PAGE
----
“We continue to take every day one step at a time, one day at a time, one week at a time,” Heller said. “That has kind of been our motto with this season, because you just don’t know what’s going to happen.”

Liller praised the quality of the existing athletic cameras and asked whether it would be possible to add additional outdoor ones.

“More than COVID-wise, we have parents that work and can’t get to a game and they can watch it,” he said. “I think for security reasons, our security people have to like being able to go back and look at that, for a bunch of different reasons. That’s why I would ask if you could get an estimate on– I know we have football, we have the gyms done– if you could get an estimate for baseball, and the other one I guess is softball, and field hockey… And if we have to do something to fundraise or whatever, but I think that every kid that plays a sport ought to have an opportunity to save their high school memories like the basketball players, wrestlers and the football players.”

Heller said that the additional cameras may not be an option until late spring or summer, but she would look at quotes.

She also agreed to a board member’s request to add rosters to the website to make following along with the games online easier.

Parent Concerns

A parent of a child struggling with significant mental health concerns asked the board what the district can do to better meet the needs of those with similar struggles.

The board recommended speaking with counselors and teachers and signing the child up for sports as an outlet. Two board members offered to cover athletic sign-up costs or direct them to resources that may help cover the costs.

Nursing Position

The board acknowledged a resignation from its part-time health room assistant, effective Friday. Advertising for the position was on the consent agenda but tabled until the next meeting.

The district has contracted with a nursing subservice that will fill the gap and will have an administrative person help with office duties that include contract tracing.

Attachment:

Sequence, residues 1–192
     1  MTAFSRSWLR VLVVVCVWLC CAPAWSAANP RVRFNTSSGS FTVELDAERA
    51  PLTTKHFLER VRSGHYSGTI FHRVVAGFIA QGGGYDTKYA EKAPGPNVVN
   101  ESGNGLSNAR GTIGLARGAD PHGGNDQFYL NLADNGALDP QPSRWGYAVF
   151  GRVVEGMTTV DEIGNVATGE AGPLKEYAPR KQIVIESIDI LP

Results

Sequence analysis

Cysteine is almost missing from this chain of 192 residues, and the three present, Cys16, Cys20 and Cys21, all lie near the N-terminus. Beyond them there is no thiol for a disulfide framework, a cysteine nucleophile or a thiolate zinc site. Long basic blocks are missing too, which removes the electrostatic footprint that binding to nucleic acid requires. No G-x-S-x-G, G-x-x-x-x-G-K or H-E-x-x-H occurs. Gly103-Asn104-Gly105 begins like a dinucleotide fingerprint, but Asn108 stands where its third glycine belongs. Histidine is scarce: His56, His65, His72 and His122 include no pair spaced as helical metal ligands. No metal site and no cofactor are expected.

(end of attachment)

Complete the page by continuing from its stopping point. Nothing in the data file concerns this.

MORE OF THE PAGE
The board also discussed updating the job title of ‘health room assistant’ to better reflect the nursing responsibilities of the position as some members felt it sounded more administrative rather than nursing-related. They were also concerned that job seekers looking for a position involving nursing duties wouldn’t search for that title on job search sites.

The board may revisit the topic during its next meeting.

Business Manager Amy Simmons said that the district is working on a Covid-19-related grant. While it is not yet open for applications, the district is finalizing their application so it will be ready to submit when the window opens.

She also said that the district is looking at candidates to fill a food services position and plans to schedule interviews soon.

Liller said that he hopes the school menus are updated.

“I don’t know what the expectations of this person is,” Liller said. “I’m guessing the menus and all that are part of it. I really, I mean– this is for down the road when we get a chance to talk with these people, I’m sure– but I’ve had a chance to see and actually have some of the lunches that were brought home. We need to really, really work on that.”

Simmons also said that the department has been working on new menus.

The next regularly-scheduled school board meeting will be held on Feb. 8 at 7:00 p.m.

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Imari Scarbrough is a freelance journalist. She was a staff newspaper reporter for five years before becoming a freelancer in 2017. She has written on crime, environmental issues, severe weather events, local and regional government and more.

You can visit her website at ImariJournal.com.